Informal online communication channels are being utilized for official communications in disaster contexts. Channels such as networked microblogging enable public officials to broadcast messages as well as engage in direct communication exchange with individuals. Here the authors investigate online information exchange behaviors of a set of state and federal organizations during the Deepwater Horizon 2010 oil spill disaster. Using data from the popular microblogging service, Twitter, they analyze the roles individual organizations play in the dissemination of information to the general public online, and the conversational aspects of official posts. The authors discuss characteristics and features of the following networks including actor centrality and differential mixing, as well as how structural features may affect information exchange in disasters. This research provides insight into the use of networked communications during an event of heightened public concern, describes implications of conversational features, and suggests directions for future research.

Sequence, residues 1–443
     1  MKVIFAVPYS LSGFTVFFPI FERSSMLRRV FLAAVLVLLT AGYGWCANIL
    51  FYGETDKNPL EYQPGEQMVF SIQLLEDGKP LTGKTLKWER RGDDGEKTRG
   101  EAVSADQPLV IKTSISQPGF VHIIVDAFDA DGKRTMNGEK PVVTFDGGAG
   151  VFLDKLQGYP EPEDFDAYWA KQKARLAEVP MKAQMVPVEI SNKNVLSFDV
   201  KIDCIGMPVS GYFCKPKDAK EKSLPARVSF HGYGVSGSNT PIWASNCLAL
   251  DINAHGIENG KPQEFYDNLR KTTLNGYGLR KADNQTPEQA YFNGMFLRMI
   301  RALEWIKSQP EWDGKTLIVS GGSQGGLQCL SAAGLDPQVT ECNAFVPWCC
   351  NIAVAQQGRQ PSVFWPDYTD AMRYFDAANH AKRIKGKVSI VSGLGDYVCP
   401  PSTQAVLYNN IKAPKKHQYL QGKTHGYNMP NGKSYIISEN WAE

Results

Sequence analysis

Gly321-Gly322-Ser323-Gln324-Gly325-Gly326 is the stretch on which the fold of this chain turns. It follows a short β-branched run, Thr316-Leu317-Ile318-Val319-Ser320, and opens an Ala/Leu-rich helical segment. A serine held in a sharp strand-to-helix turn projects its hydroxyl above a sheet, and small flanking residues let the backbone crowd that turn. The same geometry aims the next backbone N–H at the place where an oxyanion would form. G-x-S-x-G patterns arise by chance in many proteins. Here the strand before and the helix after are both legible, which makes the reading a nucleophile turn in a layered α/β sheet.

"Tweeting the Spill: Online Informal Communications, Social Networks, and Conversational Microstructures during the Deepwater Horizon Oilspill" International Journal of Information Systems for Crisis Response and Management (IJISCRAM) Vol. 5 : Iss. 1 (2013).
Changing Channels: Communicating Tsunami Warning Information in Hawaii
Jeannette Sutton, Brett Hansard, and Paul Hewett